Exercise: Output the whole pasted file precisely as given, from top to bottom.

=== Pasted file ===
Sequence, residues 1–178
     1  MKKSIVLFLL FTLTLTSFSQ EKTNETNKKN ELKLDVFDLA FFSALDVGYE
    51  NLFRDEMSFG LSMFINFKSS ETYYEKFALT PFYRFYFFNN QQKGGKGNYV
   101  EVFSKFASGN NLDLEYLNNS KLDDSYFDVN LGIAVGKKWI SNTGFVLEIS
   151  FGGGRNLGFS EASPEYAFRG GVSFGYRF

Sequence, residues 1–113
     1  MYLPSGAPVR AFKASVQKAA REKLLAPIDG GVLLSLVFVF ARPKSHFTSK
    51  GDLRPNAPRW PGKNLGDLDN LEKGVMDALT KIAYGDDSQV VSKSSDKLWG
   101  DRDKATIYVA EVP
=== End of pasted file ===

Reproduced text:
Sequence, residues 1–178
     1  MKKSIVLFLL FTLTLTSFSQ EKTNETNKKN ELKLDVFDLA FFSALDVGYE
    51  NLFRDEMSFG LSMFINFKSS ETYYEKFALT PFYRFYFFNN QQKGGKGNYV
   101  EVFSKFASGN NLDLEYLNNS KLDDSYFDVN LGIAVGKKWI SNTGFVLEIS
   151  FGGGRNLGFS EASPEYAFRG GVSFGYRF

Sequence, residues 1–113
     1  MYLPSGAPVR AFKASVQKAA REKLLAPIDG GVLLSLVFVF ARPKSHFTSK
    51  GDLRPNAPRW PGKNLGDLDN LEKGVMDALT KIAYGDDSQV VSKSSDKLWG
   101  DRDKATIYVA EVP